The perceived efficacy and utility of spine bioskills curricula for resident and fellow education: Perceived Utility of Spine Bioskills Training

Michael H. McCarthy*, Barrett S. Boody, Peter R. Swiatek, Brett D. Rosenthal, Jason Savage, Wellington K. Hsu, Alpesh A. Patel

*Corresponding author for this work

Research output: Contribution to journalArticle


The purpose of this study is to assess the role of bioskills in orthopaedic and neurosurgical resident education. A survey of the utilization and perceived efficacy of bioskills was submitted to Lumbar Spine Research Society (LSRS) members. 36/104 surgeons responded, including 25 orthopaedic, 7 neurosurgical, and 4 integrated respondents. 63% of orthopaedic and 83% of neurosurgery faculty, reported using bioskills. When asked if completion of bioskills modules would encourage advancing trainees’ participation (1–10 scale, 10 greatly increase), neurosurgical faculty reported 4.00 versus orthopaedics 6.43. Although orthopaedic faculty perceive greater efficacy of bioskills, the clinical impact of this difference remains uncertain.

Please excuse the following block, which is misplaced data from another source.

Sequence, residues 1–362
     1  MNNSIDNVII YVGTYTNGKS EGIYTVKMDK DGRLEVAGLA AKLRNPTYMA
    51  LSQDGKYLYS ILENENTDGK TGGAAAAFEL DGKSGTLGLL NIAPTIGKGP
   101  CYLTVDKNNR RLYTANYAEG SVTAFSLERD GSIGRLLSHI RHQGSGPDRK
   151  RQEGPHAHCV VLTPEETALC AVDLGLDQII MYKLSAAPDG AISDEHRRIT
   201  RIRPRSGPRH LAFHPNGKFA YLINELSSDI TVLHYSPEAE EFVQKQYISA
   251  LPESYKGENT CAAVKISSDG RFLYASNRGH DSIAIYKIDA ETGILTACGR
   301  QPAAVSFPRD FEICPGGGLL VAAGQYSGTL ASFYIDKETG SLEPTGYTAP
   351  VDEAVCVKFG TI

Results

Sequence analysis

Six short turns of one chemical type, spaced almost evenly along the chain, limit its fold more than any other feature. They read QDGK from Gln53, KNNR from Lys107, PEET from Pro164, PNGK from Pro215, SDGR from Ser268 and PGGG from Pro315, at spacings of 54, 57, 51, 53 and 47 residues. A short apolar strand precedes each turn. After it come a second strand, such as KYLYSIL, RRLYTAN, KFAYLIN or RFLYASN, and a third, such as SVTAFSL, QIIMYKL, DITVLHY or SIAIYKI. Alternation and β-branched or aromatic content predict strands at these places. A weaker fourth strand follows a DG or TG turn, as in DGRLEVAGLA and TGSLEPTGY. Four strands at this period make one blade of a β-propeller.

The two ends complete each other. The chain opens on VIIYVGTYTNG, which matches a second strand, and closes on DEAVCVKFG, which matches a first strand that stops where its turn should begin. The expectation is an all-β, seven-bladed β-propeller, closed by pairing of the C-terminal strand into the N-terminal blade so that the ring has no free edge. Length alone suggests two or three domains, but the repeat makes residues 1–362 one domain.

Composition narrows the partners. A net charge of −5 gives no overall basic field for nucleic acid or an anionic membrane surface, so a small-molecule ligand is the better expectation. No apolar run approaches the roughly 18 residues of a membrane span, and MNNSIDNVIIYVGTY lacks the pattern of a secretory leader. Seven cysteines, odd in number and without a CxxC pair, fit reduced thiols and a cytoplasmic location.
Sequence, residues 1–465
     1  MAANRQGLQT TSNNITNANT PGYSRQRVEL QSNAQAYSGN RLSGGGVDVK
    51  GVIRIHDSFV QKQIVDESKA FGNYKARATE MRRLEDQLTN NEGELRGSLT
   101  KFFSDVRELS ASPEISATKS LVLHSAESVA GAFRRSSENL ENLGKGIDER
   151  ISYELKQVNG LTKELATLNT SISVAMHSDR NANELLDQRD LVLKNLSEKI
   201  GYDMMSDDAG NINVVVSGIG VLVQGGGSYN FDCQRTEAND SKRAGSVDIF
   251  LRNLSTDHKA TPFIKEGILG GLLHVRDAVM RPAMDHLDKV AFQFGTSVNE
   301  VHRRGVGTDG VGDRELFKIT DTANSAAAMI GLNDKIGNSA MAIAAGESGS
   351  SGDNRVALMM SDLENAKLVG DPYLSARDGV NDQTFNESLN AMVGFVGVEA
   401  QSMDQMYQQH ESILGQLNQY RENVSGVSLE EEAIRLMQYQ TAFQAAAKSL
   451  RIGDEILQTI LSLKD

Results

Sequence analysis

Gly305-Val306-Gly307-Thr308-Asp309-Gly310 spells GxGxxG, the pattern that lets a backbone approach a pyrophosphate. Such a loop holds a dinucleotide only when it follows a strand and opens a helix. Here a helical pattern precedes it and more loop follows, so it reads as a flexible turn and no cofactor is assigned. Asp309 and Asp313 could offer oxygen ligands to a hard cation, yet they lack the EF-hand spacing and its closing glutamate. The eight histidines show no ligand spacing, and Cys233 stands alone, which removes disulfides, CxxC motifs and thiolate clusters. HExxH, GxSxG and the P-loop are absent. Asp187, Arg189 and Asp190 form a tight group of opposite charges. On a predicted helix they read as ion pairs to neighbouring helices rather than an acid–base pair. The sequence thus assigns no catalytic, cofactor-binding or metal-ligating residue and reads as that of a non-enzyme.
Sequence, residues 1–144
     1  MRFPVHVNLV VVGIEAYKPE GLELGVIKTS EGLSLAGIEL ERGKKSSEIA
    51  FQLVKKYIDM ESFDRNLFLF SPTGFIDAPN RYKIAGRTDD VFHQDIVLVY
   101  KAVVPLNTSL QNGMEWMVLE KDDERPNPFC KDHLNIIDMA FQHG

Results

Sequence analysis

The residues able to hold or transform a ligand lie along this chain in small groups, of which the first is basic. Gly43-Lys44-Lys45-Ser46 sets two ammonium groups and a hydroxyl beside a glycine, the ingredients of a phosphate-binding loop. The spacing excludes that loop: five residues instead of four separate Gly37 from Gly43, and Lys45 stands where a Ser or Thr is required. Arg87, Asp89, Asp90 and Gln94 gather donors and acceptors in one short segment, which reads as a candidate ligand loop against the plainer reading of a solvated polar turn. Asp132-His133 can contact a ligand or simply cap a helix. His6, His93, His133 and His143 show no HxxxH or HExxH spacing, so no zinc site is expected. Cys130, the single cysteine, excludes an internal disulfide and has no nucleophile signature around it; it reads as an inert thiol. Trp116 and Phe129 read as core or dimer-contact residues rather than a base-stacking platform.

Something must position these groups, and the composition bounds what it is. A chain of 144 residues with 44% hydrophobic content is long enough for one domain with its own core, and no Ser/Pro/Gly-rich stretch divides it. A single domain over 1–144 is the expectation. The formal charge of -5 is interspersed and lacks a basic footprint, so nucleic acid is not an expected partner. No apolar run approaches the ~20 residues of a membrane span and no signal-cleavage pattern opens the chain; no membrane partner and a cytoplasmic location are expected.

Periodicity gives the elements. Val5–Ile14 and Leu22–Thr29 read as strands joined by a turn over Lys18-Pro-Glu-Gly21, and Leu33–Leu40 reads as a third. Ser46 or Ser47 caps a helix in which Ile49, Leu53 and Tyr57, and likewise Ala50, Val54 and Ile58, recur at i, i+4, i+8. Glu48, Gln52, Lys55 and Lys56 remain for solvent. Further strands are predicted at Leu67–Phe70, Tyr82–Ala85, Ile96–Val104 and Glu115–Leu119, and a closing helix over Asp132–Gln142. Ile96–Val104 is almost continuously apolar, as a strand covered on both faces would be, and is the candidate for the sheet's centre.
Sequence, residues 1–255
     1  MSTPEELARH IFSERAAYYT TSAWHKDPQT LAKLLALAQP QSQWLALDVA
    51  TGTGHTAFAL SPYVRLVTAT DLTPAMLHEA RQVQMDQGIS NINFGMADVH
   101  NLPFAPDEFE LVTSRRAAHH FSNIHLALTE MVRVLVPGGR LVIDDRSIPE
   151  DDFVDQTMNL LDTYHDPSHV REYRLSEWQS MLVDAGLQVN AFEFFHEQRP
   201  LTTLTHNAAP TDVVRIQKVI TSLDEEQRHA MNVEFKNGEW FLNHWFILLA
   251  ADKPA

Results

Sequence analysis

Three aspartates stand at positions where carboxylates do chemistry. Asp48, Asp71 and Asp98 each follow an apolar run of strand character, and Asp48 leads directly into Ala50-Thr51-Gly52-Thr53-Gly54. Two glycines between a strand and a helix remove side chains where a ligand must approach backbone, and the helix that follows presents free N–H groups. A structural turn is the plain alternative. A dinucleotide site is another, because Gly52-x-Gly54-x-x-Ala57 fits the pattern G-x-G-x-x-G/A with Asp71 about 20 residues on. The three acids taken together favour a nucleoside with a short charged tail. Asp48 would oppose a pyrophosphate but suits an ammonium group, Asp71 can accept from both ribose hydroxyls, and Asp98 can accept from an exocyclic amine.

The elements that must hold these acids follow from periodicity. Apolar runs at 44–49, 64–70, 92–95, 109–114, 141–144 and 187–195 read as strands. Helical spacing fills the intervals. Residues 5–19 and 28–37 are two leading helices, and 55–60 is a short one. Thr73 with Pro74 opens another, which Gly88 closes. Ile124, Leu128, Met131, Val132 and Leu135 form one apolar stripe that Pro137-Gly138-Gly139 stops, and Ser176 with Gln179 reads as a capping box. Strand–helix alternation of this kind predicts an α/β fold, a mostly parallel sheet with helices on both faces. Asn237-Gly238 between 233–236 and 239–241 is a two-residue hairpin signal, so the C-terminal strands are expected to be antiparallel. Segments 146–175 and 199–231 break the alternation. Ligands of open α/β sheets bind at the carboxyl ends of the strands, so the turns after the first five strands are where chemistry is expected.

Original languageEnglish (US)
Pages (from-to)87-91
Number of pages5
JournalJournal of Orthopaedics
StatePublished - Jul 1 2020



  • Bioskills
  • Fellow education
  • Medical curricula
  • Resident education
  • Spine surgery

ASJC Scopus subject areas

  • Orthopedics and Sports Medicine

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